'Azzun, 'Azzun 'Atma, Eyal Crossing, Falamiya, Habla, Mon 22.7.13, Morning

Facebook Twitter Whatsapp Email
Nina S., Dina A. (reporting), Translator: Charles K.


06:10  'Azzun 'Atma checkpoint

A fair number of people have already gone through the checkpoint and wait for their employers.  About 40 people on line, the revolving gate is operating.  Night-shift workers from Hanson arrive and go through with no problems.  The crossing goes quickly, like clockwork.


06:35 Habla checkpoint

Soldiers are on site, and many Palestinians wait on line to cross (about 40 people, more than last week at this hour).  No one seems to have crossed yet (it was supposed to open at 06:30).

06:42 The first group enters the checkpoint.  Now people cross at the usual rate.  About 25 people went through during 12 minutes.



The direct exits to Highway 55 from 'Azzun and from Izbet Tabib are open.


08:00  Falamya checkpoint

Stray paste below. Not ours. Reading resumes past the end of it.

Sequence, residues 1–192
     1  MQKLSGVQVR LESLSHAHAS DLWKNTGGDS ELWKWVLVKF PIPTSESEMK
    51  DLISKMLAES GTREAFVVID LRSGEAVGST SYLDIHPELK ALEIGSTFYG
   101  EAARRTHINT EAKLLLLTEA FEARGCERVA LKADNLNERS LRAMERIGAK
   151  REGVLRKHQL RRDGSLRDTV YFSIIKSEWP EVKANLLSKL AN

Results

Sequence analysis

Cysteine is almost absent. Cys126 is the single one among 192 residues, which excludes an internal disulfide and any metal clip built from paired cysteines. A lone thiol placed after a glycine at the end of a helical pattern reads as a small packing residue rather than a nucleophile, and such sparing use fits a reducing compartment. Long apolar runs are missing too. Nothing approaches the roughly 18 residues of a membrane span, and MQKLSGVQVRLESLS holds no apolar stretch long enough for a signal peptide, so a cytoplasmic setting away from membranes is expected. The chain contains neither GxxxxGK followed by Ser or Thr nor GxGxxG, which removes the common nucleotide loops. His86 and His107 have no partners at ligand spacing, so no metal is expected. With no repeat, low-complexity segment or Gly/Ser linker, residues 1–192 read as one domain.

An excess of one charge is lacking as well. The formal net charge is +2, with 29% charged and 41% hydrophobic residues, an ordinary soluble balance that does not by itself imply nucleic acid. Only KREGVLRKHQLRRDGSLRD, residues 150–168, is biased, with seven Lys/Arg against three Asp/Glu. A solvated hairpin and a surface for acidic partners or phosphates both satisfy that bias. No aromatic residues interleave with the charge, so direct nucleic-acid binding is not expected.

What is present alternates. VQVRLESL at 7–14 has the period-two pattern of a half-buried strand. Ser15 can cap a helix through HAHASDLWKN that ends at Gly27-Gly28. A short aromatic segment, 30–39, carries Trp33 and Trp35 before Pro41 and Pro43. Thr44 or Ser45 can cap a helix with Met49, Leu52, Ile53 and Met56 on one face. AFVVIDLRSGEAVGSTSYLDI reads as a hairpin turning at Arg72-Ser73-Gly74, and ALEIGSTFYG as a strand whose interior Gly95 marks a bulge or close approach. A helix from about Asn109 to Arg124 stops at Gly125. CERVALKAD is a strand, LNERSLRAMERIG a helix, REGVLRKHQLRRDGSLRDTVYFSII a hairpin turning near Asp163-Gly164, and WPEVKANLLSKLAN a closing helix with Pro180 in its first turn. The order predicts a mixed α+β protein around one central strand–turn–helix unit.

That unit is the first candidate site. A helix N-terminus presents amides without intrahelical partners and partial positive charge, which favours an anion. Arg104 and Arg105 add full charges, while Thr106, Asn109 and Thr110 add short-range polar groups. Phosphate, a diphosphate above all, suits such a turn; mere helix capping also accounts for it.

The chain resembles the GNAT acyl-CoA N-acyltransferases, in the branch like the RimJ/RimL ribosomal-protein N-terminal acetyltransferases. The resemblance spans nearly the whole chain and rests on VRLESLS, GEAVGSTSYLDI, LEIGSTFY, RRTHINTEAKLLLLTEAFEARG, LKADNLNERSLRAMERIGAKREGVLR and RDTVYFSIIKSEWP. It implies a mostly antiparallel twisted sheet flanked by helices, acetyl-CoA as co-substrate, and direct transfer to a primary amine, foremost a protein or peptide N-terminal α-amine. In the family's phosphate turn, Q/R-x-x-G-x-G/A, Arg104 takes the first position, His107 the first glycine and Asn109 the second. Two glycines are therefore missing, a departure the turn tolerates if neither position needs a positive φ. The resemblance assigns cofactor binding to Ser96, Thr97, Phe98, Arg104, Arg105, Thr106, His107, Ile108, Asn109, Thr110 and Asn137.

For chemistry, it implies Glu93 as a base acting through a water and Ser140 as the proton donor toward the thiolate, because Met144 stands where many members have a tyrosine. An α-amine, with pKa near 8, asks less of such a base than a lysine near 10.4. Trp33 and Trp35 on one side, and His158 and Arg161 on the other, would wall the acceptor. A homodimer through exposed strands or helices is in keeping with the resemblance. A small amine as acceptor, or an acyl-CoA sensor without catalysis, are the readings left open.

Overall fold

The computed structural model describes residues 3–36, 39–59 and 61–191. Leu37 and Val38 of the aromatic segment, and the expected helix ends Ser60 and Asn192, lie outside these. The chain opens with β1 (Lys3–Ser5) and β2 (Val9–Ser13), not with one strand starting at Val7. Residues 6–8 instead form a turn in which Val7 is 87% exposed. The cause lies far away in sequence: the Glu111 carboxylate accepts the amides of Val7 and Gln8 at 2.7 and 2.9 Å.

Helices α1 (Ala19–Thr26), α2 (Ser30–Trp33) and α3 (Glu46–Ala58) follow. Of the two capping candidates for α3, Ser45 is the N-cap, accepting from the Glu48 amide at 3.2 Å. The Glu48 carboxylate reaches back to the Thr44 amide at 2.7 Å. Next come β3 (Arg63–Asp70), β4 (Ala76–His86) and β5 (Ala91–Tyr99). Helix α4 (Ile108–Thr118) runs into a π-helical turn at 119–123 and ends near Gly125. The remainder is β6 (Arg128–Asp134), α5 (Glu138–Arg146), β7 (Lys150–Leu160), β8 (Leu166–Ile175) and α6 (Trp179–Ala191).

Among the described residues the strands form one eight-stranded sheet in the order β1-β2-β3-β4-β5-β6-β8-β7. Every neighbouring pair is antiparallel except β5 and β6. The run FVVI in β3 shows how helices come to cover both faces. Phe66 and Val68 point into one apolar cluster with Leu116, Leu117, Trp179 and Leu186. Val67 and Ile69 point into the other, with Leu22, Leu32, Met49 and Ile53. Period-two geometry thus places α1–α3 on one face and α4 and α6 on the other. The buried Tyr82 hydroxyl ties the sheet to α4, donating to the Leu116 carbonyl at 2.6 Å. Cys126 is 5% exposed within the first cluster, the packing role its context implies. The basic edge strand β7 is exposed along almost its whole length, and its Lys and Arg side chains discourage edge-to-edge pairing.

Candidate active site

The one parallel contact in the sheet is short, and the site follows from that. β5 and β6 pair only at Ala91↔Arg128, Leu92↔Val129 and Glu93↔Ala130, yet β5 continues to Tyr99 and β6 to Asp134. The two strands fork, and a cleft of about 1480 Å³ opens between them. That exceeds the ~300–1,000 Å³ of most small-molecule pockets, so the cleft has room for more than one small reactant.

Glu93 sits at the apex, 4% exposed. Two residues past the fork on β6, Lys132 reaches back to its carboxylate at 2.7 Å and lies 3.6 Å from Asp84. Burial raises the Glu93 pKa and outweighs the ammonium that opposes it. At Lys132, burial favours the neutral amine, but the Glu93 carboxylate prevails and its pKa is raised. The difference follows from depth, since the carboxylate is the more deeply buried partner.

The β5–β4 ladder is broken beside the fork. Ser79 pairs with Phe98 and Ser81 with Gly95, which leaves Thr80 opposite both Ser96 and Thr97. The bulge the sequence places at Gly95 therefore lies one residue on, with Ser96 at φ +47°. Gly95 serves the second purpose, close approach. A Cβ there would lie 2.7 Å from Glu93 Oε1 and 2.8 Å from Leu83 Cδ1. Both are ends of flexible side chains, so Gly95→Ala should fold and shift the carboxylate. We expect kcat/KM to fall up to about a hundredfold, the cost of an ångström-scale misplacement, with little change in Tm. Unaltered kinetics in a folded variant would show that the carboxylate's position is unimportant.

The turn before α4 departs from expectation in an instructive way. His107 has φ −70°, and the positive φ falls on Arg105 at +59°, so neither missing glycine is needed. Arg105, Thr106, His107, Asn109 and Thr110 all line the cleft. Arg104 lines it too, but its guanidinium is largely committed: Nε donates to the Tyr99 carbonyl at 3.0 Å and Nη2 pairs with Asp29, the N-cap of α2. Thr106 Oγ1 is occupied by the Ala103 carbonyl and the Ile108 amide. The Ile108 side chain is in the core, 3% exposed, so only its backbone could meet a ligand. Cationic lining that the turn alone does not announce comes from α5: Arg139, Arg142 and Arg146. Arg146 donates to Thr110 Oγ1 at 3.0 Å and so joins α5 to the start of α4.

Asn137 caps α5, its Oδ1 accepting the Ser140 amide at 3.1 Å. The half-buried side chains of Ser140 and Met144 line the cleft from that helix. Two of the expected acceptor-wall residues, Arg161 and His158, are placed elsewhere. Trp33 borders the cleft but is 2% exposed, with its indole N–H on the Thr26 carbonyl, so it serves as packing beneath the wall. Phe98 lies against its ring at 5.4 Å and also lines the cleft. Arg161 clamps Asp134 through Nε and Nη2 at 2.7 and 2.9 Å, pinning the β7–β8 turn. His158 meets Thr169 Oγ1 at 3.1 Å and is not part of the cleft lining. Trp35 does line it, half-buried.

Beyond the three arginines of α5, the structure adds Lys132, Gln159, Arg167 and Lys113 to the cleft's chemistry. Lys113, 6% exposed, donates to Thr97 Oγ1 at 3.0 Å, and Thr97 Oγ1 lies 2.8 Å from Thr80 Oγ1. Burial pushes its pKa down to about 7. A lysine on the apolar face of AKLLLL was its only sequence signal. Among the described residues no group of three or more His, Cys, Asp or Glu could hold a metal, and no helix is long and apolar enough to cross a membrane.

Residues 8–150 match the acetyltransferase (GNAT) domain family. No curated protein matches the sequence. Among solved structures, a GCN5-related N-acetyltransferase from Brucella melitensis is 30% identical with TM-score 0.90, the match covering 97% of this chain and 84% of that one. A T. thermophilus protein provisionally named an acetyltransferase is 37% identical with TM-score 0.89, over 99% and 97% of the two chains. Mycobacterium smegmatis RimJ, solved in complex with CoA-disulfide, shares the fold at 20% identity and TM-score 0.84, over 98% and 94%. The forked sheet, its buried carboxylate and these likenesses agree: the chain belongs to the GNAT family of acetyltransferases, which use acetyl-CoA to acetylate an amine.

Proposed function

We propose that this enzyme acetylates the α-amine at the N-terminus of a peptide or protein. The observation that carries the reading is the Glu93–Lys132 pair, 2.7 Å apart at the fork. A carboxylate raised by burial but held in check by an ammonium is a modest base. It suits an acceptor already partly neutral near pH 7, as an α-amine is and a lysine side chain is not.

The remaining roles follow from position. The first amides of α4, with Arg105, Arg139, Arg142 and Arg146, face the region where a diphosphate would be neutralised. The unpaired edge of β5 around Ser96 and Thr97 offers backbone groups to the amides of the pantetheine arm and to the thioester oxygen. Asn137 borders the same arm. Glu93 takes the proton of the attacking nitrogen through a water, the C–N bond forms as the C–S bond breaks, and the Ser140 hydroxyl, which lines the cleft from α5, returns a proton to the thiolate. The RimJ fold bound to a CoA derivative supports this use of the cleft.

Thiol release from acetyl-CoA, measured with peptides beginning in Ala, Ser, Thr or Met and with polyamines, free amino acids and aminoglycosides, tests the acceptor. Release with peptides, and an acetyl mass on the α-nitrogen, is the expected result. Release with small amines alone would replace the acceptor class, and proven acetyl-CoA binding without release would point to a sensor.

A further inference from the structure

A car arrives, the gate to the inspection location is locked, so arrivals have to enter inspection through the exit gate.  The car is sent back, forward, back again, until the soldiers are satisfied with where it’s standing and approach to inspect it.  The car returns; the driver doesn’t have a permit to cross with the car.  He must have hoped they’d let him through anyway.  His son got out of the car and continued on foot to the seam zone.  We don’t see equipment working on the route of the new fence but we hear it from a distance.  A small truck arrives, is inspected and drives through onto the security road.  A pedestrian crosses; like every time we’ve been here – peace and quiet – it would be a glorious location if only they’d get rid of the fence that mars its beauty.  On our way here, a woodchat shrike on the fence greeted us for the third week in a row.


08:45  Eyal gate

The drinking fountain is filthy.

Construction underway all along the northern side of the checkpoint; a temporary construction fence conceals the structure so you can’t see anything, not even people coming through the gate and those waiting for the DCO.

There is a large puddle of water in the wadi between the checkpoint area and the parking lot – a source of mosquitoes and flies, but who cares.

Many taxis in the parking lot wait to drive people exiting to Israel.  Some of those who went through the checkpoint wait for their employers to pick them up.  While we were there a gardener arrived and took someone to work for the day – not a permanent employee, only a day-laborer.